If one were to take ideology as the source of law then it is no longer a science of ideas as claimed by nineteenth century French thinker Claude Destutt de Tracy but “Ideology today is generally taken to mean not a science of ideas, but the ideas themselves, and moreover ideas of a particular kind. Ideologies are ideas whose purpose is not epistemic, but political. Thus an ideology exists to confirm a certain political viewpoint, serve the interests of certain people, or to perform a functional role in relation to social, economic, political and legal institutions. Daniel Bell dubbed ideology ‘an action-oriented system of beliefs,’ and the fact that ideology is action-oriented indicates its role is not to render reality transparent, but to motivate people to do or not do certain things. Such a role may involve a process of justification that requires the obfuscation of reality” (Law and Ideology-Stanford Encyclopedia on Philosophy). A more critical appraisal of law’s relations with ideology was made by Marx and Engels who posited that ideas are shaped by material world and hence is subject to change. Marxists would argue that when legal ideology becomes the tool in the hands of the rich and the powerful then laws can be enacted to the detriment of the powerless and would result in the domination of one over the other. Such a situation can happen without ideological conflict where one organ of the state through extra-judicial process captures power and one of the first acts by the new rulers is the abrogation of the country’s constitution from which flows the fundamental laws of any nation.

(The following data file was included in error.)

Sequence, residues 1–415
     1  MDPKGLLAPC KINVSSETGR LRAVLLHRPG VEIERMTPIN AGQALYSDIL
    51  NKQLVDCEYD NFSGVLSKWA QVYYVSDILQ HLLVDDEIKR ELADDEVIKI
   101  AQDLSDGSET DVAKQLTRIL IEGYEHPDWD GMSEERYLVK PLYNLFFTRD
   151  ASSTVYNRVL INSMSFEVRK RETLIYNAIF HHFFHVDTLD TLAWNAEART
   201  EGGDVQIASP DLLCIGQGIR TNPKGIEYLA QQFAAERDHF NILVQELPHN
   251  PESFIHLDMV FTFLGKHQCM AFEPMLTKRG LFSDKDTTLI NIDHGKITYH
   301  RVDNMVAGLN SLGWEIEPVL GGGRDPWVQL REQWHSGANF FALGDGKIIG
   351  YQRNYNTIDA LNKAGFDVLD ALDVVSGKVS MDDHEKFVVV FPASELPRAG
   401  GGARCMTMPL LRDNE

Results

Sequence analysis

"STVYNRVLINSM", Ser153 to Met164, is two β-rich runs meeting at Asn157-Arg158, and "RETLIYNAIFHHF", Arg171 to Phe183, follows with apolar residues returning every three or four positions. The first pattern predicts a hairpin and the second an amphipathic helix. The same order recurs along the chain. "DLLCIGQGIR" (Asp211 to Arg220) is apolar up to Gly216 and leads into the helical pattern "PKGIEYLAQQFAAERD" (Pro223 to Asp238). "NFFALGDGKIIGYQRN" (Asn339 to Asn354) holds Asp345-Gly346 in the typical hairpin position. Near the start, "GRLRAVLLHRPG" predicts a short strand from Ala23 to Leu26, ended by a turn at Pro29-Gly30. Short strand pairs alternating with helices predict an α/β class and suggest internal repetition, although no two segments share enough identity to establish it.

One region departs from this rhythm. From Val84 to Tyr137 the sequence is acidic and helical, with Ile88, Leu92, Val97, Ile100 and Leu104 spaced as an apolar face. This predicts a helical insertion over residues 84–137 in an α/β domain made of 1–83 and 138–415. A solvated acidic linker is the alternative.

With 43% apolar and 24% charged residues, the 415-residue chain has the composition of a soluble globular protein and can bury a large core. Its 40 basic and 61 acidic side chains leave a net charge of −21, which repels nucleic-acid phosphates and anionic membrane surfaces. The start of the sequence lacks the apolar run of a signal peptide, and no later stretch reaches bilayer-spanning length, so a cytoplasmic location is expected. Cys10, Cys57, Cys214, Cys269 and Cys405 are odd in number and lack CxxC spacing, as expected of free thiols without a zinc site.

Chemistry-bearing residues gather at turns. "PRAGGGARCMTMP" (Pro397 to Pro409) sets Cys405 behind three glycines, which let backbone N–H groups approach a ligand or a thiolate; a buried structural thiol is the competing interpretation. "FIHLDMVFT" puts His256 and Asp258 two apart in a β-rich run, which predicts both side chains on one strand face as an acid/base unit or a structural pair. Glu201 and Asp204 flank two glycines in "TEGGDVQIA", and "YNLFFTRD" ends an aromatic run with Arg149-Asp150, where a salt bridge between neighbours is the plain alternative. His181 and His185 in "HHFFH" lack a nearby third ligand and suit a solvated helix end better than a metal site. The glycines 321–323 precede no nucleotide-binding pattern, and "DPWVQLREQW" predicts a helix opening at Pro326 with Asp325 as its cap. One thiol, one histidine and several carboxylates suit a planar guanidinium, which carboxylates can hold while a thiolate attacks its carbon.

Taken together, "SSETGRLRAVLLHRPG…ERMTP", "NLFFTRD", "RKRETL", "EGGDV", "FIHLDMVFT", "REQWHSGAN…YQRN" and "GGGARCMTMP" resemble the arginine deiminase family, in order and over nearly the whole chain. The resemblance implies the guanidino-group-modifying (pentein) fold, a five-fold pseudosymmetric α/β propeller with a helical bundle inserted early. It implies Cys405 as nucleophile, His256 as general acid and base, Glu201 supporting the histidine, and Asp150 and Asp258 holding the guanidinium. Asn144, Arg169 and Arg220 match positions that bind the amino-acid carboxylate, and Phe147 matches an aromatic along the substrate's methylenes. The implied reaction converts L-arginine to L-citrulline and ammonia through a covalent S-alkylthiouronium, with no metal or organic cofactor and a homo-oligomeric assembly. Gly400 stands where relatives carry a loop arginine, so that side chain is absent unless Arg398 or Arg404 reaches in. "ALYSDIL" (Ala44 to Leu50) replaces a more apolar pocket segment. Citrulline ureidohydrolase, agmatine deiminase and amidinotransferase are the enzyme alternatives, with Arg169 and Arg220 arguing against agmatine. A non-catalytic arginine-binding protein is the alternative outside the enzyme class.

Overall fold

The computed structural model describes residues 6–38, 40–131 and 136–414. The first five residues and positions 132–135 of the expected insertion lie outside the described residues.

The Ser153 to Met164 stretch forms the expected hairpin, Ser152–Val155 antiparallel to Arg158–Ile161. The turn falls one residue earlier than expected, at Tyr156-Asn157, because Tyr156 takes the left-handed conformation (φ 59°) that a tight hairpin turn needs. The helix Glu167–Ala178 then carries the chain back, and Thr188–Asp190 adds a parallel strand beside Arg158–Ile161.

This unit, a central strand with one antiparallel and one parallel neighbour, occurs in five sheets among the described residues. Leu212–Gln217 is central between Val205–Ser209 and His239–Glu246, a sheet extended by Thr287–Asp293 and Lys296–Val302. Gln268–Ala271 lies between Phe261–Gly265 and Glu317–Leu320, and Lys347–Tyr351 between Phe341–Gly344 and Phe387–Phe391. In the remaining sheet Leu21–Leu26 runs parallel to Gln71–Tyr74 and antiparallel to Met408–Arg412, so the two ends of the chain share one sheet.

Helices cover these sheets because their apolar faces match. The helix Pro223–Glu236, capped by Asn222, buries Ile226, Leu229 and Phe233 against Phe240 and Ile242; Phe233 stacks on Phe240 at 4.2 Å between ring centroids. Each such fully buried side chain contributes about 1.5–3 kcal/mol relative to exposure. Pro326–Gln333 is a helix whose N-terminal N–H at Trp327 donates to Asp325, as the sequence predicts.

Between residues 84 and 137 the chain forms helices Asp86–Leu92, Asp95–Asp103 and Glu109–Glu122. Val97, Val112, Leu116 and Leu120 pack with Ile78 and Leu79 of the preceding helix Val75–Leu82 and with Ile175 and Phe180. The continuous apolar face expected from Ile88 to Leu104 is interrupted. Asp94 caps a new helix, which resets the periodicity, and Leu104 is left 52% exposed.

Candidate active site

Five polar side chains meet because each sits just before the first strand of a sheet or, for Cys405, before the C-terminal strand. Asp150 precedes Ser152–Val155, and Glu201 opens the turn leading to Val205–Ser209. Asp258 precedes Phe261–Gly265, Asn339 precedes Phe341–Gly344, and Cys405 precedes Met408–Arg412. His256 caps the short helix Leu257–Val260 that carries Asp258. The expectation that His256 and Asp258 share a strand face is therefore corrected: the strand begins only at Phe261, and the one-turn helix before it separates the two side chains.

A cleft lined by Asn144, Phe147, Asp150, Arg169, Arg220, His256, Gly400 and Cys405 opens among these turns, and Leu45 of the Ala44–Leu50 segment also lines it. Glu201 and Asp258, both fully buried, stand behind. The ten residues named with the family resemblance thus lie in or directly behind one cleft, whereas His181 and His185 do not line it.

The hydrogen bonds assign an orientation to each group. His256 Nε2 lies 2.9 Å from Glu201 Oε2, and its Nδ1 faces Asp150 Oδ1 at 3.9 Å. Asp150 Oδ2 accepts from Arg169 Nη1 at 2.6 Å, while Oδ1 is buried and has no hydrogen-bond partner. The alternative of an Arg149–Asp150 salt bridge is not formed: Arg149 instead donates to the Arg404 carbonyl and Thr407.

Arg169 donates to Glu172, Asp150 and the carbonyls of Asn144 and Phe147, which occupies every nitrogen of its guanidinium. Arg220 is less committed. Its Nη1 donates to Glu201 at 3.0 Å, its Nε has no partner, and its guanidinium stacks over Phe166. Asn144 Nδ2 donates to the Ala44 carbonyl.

Influence of religion as a source of law has been tremendous throughout the history of the world. This has been keenly felt when scientific discoveries were found to be in conflict with canonical laws and depending on the strength of the religious leaders the “guilty” were punished. When the scientists discovered that the earth and not the sun moves on its orbit it conflicted with then accepted “truth” that earth was the center of the universe and any pronouncement to the contrary was regarded as heresy.